Research shows that between 10 and 12 thousand people turn 65 each day, making them eligible for Medicare. While working, you will notice Medicare taxes (for Medicare Part A hospital insurance) are taken out of your paychecks. Once you or your spouse work the required 40 quarters or 10 years, you will not have to pay a premium for Part A.
Once you become eligible, you may get caught up deciding on what plans or options you desire for your Medicare benefits. However, it can be argued that understanding when you can and need to enroll is more important. Failure to apply for and enroll in Medicare on time can result in lifetime penalties and delays in coverage. To help you avoid such outcomes, let’s walk you through a successful Medicare enrollment.
Many Beneficiaries Must Manually Enroll in Medicare
There are two enrollment scenarios for Medicare eligibility at age 65. First, if you are receiving Social Security income prior to age 65, you will be automatically enrolled in Medicare A and B, and three months prior to your 65th birthday, you will be sent your Medicare card. For those not receiving Supplemental Security Income (SSI) benefits, you will have to manually apply for your Medicare benefits and can also begin this process three months prior to your 65th birthday month.
If you meet any of the following criteria, you will be automatically enrolled in Medicare and sent your Medicare card in the postal mail:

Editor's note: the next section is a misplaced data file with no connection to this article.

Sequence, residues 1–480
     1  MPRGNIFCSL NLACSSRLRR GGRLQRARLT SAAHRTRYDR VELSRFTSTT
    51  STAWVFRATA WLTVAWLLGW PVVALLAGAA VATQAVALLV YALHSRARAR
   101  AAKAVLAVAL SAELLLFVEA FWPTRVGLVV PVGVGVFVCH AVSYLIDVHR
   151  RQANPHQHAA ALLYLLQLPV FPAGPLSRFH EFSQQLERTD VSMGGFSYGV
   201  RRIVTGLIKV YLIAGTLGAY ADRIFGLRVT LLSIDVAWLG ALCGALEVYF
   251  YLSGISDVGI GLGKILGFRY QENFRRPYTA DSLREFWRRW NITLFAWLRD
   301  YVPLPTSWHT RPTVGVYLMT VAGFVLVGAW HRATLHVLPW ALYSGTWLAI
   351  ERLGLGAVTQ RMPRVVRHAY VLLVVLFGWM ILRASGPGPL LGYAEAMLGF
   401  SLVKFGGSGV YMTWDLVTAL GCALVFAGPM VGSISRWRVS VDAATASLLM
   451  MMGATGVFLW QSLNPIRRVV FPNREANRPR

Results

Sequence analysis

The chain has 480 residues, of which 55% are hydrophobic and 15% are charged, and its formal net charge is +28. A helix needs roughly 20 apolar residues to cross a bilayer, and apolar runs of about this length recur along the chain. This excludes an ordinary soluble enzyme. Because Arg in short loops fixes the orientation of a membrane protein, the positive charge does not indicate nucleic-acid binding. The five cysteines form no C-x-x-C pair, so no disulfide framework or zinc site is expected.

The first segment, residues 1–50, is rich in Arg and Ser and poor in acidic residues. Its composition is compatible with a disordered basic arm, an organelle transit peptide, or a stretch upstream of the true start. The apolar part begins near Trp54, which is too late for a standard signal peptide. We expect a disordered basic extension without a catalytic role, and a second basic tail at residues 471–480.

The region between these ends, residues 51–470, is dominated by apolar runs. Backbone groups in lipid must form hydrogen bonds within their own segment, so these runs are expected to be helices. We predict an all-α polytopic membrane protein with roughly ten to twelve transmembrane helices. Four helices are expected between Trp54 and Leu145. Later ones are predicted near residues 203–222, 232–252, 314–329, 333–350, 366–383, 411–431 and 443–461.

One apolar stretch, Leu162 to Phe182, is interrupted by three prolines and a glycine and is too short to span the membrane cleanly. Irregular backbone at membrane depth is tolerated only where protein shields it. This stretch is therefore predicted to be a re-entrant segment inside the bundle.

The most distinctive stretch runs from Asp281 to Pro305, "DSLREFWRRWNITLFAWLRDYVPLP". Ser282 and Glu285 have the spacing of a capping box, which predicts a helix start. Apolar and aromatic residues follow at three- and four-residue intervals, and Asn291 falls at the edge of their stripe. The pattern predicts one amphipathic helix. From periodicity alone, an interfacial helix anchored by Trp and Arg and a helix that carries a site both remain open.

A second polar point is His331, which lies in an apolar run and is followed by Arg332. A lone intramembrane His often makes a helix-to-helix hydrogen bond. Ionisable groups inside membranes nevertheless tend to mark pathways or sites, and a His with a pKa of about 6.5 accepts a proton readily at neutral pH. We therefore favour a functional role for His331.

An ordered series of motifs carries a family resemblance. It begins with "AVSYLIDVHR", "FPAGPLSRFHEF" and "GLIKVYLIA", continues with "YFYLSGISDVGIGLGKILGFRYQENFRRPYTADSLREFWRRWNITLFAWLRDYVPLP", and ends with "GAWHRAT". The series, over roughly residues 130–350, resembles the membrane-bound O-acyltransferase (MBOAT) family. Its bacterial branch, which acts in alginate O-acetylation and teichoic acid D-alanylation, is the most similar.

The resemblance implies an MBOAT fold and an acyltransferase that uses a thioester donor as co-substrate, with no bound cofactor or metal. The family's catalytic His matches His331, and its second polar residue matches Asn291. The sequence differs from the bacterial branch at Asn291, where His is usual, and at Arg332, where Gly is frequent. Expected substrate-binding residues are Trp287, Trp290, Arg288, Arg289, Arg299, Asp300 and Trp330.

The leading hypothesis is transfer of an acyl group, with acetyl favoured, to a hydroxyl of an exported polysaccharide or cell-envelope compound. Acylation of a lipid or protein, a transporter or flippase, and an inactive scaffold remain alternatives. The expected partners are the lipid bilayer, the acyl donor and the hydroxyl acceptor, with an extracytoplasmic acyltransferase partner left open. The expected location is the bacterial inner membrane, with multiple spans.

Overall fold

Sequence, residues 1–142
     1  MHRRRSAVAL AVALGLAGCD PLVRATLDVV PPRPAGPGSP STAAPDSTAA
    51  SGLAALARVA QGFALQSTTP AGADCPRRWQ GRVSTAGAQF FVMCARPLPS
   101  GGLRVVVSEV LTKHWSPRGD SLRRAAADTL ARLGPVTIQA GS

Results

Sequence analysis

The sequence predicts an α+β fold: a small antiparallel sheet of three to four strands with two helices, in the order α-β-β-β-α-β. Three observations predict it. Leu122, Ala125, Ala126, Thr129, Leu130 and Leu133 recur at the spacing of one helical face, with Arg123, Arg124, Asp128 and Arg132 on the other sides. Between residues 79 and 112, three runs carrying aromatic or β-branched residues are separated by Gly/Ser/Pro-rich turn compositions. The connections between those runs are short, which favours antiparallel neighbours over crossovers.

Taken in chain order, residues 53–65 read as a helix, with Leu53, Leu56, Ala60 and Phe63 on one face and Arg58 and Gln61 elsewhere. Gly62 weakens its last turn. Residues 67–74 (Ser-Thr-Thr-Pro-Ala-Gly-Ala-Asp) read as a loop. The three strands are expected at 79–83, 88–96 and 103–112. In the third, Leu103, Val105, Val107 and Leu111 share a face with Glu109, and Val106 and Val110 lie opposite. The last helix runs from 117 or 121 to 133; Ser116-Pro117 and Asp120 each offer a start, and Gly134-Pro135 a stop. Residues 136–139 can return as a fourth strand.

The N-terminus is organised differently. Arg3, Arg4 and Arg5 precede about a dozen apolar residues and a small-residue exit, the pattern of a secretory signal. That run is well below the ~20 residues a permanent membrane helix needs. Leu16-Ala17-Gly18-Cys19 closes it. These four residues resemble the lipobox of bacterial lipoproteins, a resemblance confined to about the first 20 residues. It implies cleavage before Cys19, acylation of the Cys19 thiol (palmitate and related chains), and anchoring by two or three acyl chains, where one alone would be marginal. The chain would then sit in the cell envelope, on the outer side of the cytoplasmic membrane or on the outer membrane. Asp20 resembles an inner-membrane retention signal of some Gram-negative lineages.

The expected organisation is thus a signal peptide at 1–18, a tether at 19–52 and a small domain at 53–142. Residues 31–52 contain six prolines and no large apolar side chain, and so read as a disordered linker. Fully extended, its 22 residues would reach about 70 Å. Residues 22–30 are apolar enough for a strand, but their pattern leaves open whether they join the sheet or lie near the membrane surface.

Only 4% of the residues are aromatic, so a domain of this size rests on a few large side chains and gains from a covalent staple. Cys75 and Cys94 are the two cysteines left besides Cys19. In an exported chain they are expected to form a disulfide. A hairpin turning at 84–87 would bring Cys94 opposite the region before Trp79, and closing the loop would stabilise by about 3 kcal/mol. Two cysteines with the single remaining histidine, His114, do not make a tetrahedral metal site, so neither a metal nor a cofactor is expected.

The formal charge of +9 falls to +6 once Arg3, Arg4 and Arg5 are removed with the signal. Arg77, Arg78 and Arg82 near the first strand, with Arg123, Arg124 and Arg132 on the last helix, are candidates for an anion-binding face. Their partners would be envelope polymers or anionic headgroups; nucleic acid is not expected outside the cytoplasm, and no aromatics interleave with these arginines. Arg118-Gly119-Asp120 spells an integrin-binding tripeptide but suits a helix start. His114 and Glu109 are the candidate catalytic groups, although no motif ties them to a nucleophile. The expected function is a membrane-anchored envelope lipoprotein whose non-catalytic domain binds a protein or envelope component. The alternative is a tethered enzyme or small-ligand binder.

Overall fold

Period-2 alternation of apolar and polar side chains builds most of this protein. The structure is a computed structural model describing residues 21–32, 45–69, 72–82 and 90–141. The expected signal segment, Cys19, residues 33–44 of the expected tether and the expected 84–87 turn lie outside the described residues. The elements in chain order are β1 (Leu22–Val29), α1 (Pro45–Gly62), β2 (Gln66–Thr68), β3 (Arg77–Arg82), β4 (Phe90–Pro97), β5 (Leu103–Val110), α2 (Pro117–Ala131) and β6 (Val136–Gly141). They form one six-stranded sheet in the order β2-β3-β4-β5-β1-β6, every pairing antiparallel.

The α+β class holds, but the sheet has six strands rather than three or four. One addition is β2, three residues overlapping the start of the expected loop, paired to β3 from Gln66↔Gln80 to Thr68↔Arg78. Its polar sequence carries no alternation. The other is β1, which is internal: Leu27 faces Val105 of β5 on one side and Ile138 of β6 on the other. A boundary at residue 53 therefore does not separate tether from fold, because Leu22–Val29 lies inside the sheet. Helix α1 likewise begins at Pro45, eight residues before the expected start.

- Receive retirement benefits from the Social Security Administration
- Receive retirement benefits from the Railroad Retirement Board
- Receive Social Security Disability Insurance (for at least the past 24 months)
- Have a diagnosis of Amyotrophic Lateral Sclerosis and are receiving disability benefits
- Have a diagnosis of End-Stage Renal Disease and need dialysis or a kidney transplant
If none of these apply to you, you will have to manually apply for your Medicare Parts A and B benefits. Please note, however, that the government will not notify you or send you and correspondences to remind you or help you enroll.
Know When to Enroll in Medicare
For those who are not automatically enrolled, Medicare enrollment happens during specific dates depending on when you become eligible. Most people first become eligible at age 65, which is often the best time to enroll in order to avoid incurring penalties. This timeframe is called the Initial Enrollment Period (IEP) and includes the three months before one’s 65th birthday, the birthday month itself and the three months after one’s 65th birthday.
There’s also a Special Enrollment Period (SEP) for people with specific, qualifying circumstances. Some SEPs are for individuals who didn’t enroll in the program when they were first eligible and others apply to current beneficiaries. A Special Enrollment Period will be granted to an individual that may experience:
- A change in employer coverage
- A loss of creditable drug coverage
- A change in address
- A move into or out of a care facility
If you want to learn more about qualifying for a Special Enrollment Period, read our blog post here. Understanding your Initial Enrollment Period and what you have to do regarding enrollment is vitally important. If you are delaying enrollment because of a perceived Special Enrollment event, investigate during your IEP to avoid any penalty scenarios by failing to enroll if it’s required.